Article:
With the introduction of yaoi, attendance at the Tokyo Comic Market shot from five digits to six digits; stories began to appear regularly in the mass media about the amateur manga world; and various groups began to see potential profits to be made. Commercial publishers began publishing anthologies of amateur yaoi-style manga and recruiting major amateur artists. Other entrepreneurs, noting the relative isolation of fans and artists living outside the Tokyo area, formed companies to organize events throughout Japan.
Meanwhile, at the event, I was feeling overwhelmed. There was a powerful energy in the air: this space belonged to these girls and women, and they were revelling in it. I envied the electric sense of community they shared, but I didn't have the courage to initiate many conversations.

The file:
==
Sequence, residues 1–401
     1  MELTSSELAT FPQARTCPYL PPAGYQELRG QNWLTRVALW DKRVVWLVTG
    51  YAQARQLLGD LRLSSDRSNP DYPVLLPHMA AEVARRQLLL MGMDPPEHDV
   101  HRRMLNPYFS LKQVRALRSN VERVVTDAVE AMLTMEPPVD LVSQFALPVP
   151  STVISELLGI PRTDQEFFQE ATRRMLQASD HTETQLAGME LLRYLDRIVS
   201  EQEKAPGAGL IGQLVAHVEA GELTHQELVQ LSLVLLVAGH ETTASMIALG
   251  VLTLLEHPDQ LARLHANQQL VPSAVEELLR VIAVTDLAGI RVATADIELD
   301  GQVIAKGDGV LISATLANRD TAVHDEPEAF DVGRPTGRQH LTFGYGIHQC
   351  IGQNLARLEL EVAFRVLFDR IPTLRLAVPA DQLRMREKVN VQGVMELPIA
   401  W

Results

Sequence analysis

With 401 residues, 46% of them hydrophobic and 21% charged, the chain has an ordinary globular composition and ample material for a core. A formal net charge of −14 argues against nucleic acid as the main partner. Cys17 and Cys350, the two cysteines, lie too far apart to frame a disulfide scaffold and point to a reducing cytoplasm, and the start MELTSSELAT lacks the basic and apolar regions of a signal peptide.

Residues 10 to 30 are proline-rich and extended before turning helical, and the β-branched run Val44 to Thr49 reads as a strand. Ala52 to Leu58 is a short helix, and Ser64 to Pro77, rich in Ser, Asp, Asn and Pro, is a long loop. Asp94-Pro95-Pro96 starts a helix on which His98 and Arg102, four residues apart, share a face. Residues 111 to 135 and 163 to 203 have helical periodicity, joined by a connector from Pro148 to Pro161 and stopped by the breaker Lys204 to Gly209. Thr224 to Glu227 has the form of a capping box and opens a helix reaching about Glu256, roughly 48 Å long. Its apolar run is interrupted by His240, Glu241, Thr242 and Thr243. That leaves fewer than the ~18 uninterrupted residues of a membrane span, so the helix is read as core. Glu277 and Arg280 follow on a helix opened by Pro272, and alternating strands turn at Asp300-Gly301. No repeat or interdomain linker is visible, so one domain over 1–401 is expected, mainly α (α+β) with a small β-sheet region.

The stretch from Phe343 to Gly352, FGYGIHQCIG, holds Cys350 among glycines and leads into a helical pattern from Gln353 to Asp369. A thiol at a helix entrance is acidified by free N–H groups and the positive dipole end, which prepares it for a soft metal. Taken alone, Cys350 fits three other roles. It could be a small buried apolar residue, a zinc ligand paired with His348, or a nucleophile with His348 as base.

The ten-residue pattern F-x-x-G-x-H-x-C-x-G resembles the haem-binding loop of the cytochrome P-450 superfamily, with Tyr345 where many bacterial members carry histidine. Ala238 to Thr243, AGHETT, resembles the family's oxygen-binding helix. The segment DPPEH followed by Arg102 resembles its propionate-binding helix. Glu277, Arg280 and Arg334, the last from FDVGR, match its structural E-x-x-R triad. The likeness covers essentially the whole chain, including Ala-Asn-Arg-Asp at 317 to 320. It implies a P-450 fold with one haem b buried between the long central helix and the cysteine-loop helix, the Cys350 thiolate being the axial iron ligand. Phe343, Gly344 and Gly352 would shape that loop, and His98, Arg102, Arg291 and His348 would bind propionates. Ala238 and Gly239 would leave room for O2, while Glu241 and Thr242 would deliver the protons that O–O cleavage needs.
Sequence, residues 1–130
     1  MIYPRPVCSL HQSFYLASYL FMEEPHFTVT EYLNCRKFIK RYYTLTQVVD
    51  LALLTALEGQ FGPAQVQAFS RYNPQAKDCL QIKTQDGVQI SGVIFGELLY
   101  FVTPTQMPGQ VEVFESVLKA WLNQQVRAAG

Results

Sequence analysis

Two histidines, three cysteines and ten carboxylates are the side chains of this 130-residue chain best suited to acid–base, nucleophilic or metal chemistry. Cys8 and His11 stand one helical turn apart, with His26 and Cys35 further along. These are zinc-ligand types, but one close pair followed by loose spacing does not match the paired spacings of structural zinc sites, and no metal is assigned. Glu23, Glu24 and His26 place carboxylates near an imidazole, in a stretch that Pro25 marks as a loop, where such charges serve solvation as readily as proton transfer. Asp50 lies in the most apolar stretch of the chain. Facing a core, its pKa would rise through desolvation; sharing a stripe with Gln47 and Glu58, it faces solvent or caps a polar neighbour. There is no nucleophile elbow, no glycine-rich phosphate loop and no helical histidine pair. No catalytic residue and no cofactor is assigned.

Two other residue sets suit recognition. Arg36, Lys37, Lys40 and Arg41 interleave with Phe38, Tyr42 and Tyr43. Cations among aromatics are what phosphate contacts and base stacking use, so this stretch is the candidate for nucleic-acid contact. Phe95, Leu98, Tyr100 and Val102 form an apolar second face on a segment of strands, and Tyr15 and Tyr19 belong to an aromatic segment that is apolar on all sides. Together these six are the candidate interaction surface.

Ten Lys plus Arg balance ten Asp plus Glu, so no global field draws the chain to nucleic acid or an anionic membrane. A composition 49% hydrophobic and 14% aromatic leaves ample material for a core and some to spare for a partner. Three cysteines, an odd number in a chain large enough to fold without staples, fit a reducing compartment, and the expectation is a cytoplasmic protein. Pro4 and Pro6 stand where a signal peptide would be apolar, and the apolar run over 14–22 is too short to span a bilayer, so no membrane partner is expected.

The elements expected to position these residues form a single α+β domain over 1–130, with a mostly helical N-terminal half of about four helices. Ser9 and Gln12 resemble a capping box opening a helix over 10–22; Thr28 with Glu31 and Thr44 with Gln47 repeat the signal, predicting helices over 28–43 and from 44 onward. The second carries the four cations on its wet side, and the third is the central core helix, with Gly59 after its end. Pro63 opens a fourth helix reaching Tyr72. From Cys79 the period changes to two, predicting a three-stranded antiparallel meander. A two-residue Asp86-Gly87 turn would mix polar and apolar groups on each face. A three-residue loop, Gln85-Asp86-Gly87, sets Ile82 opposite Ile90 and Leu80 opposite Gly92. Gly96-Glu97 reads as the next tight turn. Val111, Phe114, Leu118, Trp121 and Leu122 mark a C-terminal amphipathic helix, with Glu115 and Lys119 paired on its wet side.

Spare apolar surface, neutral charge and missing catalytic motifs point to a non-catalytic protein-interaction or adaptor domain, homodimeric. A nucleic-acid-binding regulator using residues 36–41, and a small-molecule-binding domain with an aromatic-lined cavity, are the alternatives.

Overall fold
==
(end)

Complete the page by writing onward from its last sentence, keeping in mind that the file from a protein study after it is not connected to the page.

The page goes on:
At three o'clock, when the end of the event was announced, there was a burst of applause from both buyers and sellers, and here and there bouquets of flowers changed hands, presumably as congratulations for a job well done. As I lingered after the event, a group of about six young women caught my eye. One was taking pictures, and at the center of the group being photographed was one with short hair, wearing black jeans, a white blouse, a black vest, and black leather gloves with the fingers cut off. She looked very cool, and her more femininely dressed friends seemed to think so, too. They giggled and fawned, and she seemed to enjoy the attention. It was as if a scene from the all-female Takarazuka Review was being played out before my eyes. What I was seeing may have been an expression of homosexuality, plain and simple, but I suspect it was something more complex.